The Star-Crossed Life of Sara Seager

Like many astrophysicists, Sara Seager sometimes has a problem with her perception of scale. Knowing that there are hundreds of billions of galaxies, and that each might contain hundreds of billions of stars, can make the lives of astrophysicists and even those closest to them seem insignificant. Their work can also, paradoxically, bolster their sense of themselves. Believing that you alone might answer the question “Are we alone?” requires considerable ego. Astrophysicists are forever toggling between feelings of bigness and smallness, of hubris and humility, depending on whether they’re looking out or within.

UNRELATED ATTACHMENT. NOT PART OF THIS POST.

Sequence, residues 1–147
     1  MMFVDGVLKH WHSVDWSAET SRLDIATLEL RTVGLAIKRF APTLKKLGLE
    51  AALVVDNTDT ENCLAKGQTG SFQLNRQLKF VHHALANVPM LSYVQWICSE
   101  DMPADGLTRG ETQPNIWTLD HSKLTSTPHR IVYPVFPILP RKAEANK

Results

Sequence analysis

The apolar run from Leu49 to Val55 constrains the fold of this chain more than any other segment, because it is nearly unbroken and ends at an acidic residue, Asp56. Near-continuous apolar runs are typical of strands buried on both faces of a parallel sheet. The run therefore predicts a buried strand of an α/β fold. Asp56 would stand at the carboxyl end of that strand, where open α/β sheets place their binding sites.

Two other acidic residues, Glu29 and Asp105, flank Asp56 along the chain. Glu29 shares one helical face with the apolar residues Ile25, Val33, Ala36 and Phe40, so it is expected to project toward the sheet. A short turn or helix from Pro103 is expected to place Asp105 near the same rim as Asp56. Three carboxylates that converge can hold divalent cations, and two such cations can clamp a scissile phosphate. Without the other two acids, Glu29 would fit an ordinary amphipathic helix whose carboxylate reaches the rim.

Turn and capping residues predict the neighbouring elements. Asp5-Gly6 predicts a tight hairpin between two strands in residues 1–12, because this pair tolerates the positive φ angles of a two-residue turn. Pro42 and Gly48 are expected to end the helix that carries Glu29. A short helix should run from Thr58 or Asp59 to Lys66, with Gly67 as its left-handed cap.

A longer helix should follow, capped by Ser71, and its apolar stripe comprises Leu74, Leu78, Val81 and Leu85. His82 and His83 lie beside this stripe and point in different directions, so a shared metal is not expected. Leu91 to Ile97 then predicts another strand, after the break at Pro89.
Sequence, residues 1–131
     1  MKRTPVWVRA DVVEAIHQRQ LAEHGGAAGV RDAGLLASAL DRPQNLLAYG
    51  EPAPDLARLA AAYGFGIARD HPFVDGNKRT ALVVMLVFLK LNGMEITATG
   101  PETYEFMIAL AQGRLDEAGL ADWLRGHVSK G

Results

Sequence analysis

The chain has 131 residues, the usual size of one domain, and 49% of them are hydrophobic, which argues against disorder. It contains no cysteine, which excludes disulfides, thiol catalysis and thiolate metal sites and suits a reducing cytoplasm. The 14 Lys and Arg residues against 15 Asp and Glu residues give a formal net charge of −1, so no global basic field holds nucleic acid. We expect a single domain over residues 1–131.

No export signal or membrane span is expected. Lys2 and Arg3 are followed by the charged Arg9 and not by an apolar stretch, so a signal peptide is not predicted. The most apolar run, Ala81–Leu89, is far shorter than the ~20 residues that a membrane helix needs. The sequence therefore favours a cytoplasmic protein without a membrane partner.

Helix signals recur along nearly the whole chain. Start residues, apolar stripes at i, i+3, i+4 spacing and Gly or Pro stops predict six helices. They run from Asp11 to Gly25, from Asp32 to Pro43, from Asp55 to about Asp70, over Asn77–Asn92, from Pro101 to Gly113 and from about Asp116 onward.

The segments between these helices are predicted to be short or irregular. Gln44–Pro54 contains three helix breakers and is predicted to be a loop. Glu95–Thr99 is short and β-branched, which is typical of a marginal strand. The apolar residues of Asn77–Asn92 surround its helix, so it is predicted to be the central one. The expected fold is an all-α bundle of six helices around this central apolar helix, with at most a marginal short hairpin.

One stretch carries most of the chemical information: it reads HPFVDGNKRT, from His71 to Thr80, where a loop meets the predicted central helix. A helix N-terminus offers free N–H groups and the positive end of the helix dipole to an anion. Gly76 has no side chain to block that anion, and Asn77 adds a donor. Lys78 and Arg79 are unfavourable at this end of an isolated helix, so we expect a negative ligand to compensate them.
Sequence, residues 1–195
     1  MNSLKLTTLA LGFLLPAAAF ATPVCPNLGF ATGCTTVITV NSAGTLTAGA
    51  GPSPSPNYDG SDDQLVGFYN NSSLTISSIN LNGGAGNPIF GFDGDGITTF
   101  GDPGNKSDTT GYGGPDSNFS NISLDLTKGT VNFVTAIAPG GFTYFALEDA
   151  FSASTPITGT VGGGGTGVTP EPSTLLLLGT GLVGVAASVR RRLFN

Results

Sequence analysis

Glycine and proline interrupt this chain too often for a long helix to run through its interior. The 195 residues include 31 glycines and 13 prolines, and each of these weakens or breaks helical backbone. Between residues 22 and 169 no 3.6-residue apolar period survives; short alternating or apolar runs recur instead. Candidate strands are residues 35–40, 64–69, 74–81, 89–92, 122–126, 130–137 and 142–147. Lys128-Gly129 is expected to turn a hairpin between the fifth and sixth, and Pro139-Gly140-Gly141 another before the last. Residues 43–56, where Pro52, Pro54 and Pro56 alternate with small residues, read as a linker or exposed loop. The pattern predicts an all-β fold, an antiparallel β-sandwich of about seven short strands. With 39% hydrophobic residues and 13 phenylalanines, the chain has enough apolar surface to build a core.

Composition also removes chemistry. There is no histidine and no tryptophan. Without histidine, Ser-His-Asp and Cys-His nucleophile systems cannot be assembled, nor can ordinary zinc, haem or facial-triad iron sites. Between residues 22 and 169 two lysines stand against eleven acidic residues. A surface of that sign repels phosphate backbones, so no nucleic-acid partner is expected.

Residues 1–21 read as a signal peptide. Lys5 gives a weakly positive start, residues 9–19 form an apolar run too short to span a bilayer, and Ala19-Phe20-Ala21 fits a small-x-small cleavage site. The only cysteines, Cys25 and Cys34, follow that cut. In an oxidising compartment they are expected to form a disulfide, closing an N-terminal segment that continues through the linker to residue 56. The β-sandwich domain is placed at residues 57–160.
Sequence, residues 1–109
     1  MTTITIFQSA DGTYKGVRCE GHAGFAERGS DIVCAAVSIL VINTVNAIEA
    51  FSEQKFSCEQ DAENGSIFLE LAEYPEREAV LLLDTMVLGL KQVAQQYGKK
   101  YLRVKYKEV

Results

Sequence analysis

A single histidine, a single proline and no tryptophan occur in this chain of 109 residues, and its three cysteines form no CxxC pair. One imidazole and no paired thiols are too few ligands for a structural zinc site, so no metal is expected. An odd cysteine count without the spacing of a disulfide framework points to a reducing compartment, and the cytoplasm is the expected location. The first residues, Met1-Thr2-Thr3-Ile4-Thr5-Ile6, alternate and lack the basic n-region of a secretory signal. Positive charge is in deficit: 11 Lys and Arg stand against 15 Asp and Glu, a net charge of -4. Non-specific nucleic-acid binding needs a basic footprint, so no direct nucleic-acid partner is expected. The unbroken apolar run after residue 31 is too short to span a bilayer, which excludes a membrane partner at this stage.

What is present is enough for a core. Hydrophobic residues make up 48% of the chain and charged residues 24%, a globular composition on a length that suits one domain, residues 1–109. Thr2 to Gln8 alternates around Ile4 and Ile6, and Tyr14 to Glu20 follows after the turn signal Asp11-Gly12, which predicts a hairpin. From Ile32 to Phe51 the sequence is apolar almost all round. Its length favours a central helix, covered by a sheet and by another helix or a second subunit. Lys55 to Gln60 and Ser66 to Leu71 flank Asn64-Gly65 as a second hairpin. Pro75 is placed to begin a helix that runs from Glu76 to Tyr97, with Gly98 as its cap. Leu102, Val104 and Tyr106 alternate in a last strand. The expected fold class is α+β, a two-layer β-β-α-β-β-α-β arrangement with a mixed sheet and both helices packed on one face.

Sara Seager, Member in the School of Natural Sciences (1999–02), is a professor of physics and of planetary science at the Massachusetts Institute of Technology, and is known for her work on extrasolar planets and their atmospheres.

Read more at the New York Times Magazine.


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